Directed by: Gavin O’Connor
Premise: An autistic accountant (Ben Affleck) runs an innocent looking tax preparation business while extending his services to criminal organizations. As the Treasury Department closes in, the accountant begins auditing the books of an apparently innocuous robotics company.
What Works: When disabled or special needs characters are portrayed in movies their conditions are often presented in an exploitative way. Even well intended movies can fall into this trap and portray their characters as martyrs or as vehicles of redemption for the unafflicted people around them. To its credit, The Accountant does not do this. The film features an impressive central performance by Ben Affleck in the title role. Even though he is a mathematical savant he isn’t a saint. Affleck’s character has a knack for numbers and seeing patterns but he is still a man with depth and flaws. Among the more interesting aspects of the film and of Affleck’s performance are the little details. He is a man who has trouble connecting and empathizing with other people but he clearly wants to and Affleck’s performance has many subtle moments in which he reveals those human desires. The Accountant also succeeds as a vigilante action film. This title character is revealed to be more than a bean counter; he ingratiates himself into criminal organizations, uncooks their books, and then anonymously exposes the criminals to the authorities for prosecution. He’s also something of an action hero who has military caliber training in firearms and hand-to-hand combat. It’s a loony premise but the filmmakers handle it right so that it is credible within the context of the movie. The action sequences, although not especially innovative, are generally well done. Director Gavin O’Connor keeps the scope of the action limited, much like the first entry in the Jason Bourne series, and that maintains the movie’s credibility.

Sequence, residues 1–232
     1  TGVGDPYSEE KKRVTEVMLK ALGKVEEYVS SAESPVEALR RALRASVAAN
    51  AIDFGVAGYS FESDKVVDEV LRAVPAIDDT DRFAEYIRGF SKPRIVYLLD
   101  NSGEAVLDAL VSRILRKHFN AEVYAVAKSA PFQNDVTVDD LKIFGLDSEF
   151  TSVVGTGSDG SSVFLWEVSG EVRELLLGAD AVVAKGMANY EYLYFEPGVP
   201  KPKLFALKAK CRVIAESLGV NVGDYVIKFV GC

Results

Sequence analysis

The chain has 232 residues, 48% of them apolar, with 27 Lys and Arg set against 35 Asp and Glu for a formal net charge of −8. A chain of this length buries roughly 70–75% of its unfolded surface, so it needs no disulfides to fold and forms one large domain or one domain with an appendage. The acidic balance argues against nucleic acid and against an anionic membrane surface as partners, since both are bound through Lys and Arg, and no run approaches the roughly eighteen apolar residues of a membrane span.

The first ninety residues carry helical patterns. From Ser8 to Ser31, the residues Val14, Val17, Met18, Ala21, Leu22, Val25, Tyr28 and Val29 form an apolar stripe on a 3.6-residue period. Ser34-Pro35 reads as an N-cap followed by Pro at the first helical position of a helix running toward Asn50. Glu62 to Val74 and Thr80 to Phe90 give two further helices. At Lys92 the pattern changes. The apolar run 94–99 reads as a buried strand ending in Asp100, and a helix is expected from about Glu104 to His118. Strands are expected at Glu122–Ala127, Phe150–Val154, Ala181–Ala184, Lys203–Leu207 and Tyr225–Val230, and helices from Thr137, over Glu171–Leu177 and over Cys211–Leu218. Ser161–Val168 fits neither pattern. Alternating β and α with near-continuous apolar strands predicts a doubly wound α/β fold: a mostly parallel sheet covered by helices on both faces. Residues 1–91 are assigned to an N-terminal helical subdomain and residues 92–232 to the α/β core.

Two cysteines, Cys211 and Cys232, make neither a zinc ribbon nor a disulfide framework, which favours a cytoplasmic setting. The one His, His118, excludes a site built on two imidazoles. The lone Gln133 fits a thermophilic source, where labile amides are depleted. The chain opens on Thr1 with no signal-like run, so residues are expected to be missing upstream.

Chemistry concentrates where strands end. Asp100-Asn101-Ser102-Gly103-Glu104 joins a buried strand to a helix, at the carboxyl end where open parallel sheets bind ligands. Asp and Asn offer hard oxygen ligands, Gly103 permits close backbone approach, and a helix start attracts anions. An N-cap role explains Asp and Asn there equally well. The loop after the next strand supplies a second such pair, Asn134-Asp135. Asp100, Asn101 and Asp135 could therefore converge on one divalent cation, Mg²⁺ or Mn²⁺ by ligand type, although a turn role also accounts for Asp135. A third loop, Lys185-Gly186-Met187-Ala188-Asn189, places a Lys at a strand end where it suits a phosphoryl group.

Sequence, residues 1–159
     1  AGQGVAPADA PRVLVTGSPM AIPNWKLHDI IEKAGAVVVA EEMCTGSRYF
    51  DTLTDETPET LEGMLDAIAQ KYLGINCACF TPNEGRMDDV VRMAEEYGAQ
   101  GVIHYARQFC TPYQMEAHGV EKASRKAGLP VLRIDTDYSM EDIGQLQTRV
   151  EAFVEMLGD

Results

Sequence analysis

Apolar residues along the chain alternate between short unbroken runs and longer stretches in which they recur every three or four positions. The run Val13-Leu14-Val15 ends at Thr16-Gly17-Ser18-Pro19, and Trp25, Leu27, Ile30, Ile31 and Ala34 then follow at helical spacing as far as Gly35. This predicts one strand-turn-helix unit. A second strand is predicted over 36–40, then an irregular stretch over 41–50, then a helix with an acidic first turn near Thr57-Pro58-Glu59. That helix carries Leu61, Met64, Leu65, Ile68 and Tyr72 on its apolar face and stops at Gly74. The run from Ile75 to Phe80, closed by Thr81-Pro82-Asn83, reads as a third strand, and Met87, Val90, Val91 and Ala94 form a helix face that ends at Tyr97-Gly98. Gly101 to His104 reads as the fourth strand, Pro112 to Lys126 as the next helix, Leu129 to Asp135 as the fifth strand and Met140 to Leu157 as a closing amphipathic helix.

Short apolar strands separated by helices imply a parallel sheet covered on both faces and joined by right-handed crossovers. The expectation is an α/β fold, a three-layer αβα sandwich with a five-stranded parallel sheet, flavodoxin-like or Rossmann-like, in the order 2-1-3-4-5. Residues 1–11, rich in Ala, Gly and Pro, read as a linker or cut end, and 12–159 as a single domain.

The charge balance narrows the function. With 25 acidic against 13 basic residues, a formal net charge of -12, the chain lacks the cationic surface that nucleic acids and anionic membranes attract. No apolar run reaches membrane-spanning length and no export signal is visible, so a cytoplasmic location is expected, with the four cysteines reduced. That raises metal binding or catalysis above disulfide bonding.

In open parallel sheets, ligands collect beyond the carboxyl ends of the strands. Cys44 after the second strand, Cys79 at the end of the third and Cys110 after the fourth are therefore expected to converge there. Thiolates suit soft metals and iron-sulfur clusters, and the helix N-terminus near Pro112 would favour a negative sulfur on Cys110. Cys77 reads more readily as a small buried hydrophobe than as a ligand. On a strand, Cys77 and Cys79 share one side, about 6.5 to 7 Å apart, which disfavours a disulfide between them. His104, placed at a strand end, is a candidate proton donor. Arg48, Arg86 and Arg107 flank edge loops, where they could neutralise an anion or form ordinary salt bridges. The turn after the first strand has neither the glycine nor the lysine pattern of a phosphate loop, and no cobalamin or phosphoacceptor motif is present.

What Doesn’t: The Accountant is a classic example of too much plot getting in the way of the story. The film has a compelling premise but it is saddled with an overwhelming amount of exposition. The narrative is frequently brought to a halt in order for the filmmakers to dump a lot of background information about the characters. The Accountant has enough characters and subplots for a television series including a US Treasury official played by J.K. Simmons and an analyst played by Cynthia Addai-Robinson, a criminal accountant played by Jeffrey Tambour, as well as the robotics company CEO played by John Lithgow, and that business’s accountant played by Anna Kendrick. None of their stories are told very well nor is anyone characterized in a meaningful way. Simmons’ character is trying to discover the identity of the accountant but his search gradually makes less sense as it’s revealed that they are collaborating. Someone at the robotics company is up to financial shenanigans but with no apparent end game. Kendrick is especially underutilized. She’s intended to provide the movie with a love story and while the filmmakers resist giving into the clichés they also don’t do anything else with her or their relationship. The Accountant is organized in a nonlinear fashion. This is done to tell the backstory of the title character which involves even more cast members, in particular the family of Affleck’s character. It’s all too much and the movie is dragged down by the overabundance of storylines. The film isn’t really building toward its conclusion because its attention is so diverted among the various characters and subplots. The film includes a group of mysterious assassins who are killing their way through the clientele of Affleck’s character. This ends with a big shoot out that culminates with a very stupid twist ending.
Bottom Line: The Accountant has a good performance by Ben Affleck but it gets lost amid its plethora of subplots and characters. This is an interesting idea that is poorly executed. But The Accountant is the kind of film that could be spun off into a more successful television show.
Episode: #620 (November 6, 2016)